Pulp Fiction: Everything you thought you knew about orange juice is a lie

Big orange juice companies misled consumers by secretly selling smaller containers for the same price -- building on a bitter history of citrus shenanigans.

Last week, the largest orange juice companies in the US quietly reduced the juice in their jugs from 59-oz to 52-oz without lowering prices — misleading consumers in order to squeeze a few more drops of cash out of the shrinking citrus crop. 

Pulp Fiction: Everything you thought you knew about orange juice is a lie

And, this marketing ploy is just a short chapter in the long, shady story of the Sunshine State’s signature citrus drink.

If you bought OJ recently, you might have gotten fresh squeezed

Just because Big OJ says ‘not-from-concentrate’ doesn’t mean you shouldn’t pay attention: But, since the containers looked identical and the prices didn’t rise, only power shoppers who optimize for every OJ-ounce would have noticed.

But Big OJ didn’t just trick consumers for sh*ts n’ giggles — they did it out of desperation.

Florida’s finest juices hide a dark reality: Orange production in the US fell from 382 boxes of oranges per acre in 2004 to just 178 boxes per acre — and it’s still dropping.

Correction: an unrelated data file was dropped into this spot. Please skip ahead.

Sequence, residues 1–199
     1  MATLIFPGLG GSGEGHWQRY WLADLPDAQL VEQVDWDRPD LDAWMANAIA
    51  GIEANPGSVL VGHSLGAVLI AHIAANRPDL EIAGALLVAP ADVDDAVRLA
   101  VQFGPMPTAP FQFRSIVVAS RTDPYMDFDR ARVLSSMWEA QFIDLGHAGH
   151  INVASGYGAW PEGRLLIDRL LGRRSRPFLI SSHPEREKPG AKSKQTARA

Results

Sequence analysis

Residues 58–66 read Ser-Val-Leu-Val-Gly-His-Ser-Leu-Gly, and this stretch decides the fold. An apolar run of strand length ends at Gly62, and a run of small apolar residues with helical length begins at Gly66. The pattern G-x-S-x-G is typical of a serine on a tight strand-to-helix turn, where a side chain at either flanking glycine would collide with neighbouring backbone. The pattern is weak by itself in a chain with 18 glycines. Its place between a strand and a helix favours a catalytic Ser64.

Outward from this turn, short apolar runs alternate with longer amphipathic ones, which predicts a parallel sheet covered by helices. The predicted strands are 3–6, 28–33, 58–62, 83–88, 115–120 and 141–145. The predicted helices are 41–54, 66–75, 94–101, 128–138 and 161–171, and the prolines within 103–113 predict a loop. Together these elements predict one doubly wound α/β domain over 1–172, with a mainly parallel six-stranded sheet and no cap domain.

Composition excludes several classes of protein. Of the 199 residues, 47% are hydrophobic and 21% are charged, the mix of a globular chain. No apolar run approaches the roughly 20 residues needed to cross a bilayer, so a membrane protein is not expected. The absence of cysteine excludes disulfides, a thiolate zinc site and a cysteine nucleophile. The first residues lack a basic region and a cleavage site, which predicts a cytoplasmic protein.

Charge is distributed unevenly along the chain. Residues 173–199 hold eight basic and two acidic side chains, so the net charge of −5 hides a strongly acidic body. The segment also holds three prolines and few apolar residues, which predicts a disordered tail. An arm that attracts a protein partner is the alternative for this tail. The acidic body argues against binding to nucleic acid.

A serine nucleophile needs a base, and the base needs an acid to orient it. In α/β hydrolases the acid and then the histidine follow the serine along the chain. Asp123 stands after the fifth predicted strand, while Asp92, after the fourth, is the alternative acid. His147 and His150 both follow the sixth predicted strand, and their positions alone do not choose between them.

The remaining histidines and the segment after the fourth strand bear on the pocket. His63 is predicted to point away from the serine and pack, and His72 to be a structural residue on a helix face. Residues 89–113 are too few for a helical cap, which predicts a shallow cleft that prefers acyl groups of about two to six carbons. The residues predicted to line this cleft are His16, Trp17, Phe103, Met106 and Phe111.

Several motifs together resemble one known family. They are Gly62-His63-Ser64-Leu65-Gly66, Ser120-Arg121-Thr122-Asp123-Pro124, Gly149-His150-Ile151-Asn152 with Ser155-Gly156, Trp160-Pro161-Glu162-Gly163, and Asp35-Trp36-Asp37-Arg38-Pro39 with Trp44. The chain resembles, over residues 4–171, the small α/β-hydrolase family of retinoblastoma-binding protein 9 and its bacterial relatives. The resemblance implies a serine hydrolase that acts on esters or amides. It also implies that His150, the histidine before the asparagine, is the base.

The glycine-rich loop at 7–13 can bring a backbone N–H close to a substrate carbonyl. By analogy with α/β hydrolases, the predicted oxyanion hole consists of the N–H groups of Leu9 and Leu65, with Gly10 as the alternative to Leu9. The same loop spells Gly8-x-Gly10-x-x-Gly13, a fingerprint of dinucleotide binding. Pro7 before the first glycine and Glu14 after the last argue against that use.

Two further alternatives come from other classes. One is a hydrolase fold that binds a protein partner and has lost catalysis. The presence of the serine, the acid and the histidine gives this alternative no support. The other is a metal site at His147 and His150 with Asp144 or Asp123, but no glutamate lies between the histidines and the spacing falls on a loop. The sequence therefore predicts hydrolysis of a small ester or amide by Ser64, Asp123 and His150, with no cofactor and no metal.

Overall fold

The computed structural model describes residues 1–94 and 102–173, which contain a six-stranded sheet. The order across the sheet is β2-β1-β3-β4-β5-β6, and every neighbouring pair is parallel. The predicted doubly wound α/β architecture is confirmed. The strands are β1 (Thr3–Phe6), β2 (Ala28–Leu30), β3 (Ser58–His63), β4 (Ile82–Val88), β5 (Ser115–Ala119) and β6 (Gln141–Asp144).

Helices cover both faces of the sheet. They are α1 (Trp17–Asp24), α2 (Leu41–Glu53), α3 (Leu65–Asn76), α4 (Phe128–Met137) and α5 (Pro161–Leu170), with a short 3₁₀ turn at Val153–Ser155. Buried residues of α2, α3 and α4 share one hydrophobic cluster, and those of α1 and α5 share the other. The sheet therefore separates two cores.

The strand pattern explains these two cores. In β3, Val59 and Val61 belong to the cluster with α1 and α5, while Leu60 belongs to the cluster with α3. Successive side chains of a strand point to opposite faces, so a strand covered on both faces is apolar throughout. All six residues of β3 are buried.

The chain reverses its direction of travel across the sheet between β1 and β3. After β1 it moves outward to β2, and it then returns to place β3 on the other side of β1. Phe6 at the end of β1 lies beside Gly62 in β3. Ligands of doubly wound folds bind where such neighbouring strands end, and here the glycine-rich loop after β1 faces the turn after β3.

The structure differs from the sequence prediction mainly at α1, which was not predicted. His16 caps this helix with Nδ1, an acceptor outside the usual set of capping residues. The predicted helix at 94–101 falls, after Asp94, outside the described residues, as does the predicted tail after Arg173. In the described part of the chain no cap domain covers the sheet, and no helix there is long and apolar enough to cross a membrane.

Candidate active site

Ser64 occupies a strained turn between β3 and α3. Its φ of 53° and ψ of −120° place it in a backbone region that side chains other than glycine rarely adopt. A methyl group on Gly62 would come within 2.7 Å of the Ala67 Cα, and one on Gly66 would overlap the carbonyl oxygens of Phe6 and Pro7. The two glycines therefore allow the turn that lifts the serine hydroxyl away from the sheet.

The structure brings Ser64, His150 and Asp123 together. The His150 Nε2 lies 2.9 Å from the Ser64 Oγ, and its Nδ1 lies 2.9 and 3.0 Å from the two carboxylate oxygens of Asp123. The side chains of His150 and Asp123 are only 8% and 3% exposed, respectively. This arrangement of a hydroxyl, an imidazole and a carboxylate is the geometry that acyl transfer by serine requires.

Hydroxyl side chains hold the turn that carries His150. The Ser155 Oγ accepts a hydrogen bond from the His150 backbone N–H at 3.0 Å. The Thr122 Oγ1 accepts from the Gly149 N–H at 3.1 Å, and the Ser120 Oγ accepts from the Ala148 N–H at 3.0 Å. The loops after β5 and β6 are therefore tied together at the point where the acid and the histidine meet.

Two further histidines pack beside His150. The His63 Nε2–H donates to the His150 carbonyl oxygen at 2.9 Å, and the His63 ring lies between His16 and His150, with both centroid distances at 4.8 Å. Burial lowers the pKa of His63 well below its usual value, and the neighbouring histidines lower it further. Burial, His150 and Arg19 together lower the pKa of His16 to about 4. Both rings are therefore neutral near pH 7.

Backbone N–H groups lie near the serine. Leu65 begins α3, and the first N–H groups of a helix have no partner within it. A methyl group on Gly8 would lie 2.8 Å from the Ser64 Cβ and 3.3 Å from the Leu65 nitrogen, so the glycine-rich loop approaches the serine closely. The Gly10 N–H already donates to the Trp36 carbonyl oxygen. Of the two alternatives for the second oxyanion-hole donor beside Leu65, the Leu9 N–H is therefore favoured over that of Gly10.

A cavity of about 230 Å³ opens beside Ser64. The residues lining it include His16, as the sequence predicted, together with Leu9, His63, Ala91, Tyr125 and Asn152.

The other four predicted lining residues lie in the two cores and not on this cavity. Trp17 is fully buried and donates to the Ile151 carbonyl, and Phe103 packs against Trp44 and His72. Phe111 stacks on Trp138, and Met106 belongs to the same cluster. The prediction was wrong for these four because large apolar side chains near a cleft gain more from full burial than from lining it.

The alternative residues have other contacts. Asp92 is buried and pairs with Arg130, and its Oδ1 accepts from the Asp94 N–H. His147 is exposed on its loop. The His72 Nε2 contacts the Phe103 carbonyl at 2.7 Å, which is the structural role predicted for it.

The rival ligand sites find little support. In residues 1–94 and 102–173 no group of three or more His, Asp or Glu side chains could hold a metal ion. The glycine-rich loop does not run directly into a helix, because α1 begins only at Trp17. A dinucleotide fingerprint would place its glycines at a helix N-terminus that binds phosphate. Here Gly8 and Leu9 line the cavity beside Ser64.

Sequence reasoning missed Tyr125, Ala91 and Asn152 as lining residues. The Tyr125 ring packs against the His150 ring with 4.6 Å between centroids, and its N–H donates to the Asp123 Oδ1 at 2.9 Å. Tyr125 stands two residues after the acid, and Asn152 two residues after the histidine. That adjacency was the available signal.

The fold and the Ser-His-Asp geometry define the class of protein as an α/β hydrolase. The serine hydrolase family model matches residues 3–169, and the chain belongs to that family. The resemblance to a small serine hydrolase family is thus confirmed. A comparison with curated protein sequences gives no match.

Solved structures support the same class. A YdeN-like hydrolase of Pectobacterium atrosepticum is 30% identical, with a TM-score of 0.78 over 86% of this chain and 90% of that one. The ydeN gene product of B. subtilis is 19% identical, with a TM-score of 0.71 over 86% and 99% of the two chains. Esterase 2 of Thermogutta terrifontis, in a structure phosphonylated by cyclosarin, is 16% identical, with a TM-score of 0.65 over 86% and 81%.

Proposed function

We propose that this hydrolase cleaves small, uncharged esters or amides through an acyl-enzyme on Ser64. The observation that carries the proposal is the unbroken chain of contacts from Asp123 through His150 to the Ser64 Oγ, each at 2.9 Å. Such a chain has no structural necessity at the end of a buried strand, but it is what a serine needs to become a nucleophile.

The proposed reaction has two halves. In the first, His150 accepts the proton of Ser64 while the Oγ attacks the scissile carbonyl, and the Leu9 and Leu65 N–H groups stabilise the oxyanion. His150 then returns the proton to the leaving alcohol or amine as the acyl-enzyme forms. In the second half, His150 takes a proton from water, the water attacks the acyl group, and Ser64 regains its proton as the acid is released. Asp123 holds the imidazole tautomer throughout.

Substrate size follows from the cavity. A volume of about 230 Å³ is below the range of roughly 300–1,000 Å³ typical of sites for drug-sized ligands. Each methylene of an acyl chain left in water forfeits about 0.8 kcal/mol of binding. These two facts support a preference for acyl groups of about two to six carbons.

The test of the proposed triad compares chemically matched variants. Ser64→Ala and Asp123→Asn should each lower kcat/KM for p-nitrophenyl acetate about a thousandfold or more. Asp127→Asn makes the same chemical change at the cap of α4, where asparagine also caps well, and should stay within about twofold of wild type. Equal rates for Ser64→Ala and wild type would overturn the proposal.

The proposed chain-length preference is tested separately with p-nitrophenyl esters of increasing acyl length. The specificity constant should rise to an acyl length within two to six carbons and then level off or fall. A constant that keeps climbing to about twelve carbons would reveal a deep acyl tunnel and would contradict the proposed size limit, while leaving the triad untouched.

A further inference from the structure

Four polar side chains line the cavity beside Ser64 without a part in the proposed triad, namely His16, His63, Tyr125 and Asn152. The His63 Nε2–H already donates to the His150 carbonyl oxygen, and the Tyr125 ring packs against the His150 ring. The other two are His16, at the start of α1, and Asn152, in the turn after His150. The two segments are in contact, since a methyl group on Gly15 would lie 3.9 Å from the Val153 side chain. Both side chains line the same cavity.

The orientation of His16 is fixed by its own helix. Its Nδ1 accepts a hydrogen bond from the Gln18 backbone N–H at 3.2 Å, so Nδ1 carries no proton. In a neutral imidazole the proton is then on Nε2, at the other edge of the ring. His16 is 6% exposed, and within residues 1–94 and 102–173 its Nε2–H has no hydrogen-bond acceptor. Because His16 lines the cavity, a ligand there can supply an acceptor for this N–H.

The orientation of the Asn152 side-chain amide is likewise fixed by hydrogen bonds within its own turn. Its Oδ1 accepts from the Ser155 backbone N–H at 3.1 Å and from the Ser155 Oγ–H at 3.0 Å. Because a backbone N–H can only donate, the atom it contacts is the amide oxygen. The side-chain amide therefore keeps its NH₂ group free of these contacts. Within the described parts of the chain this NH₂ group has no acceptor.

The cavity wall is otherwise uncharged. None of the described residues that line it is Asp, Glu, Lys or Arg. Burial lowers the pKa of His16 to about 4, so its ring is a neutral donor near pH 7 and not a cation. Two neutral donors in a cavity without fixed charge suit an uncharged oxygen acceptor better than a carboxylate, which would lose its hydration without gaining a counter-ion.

Consumers are realizing orange juice has roughly the same sugar content as soda, and consumption is decreasing rapidly (it fell 6% last year), forcing juice-peddlers to get creative.  

This citrus stunt wasn’t the first… 

In 1904, struggling growers hired ad man Albert Lasker to help them sell more oranges. Lasker, an inspiration for Mad Men’s Don Draper, wrote the tagline that reinvented the fruit: ‘drink an orange.’ 

Before Lasker, OJ didn’t exist — but afterwards, other brands started selling OJ’s health benefits, claiming it was a crucial source of vitamins that could prevent everything from the common cold to ‘acidosis.’ To this day, OJ sales spike significantly during flu season.

But even with misleading marketing, the OJ industry faces an uphill battle: US orange production is expected to fall below 100m boxes in 2020 for the first time since 1964 — driving prices up when juice junkies are already dropping like flies.

Topics: Food

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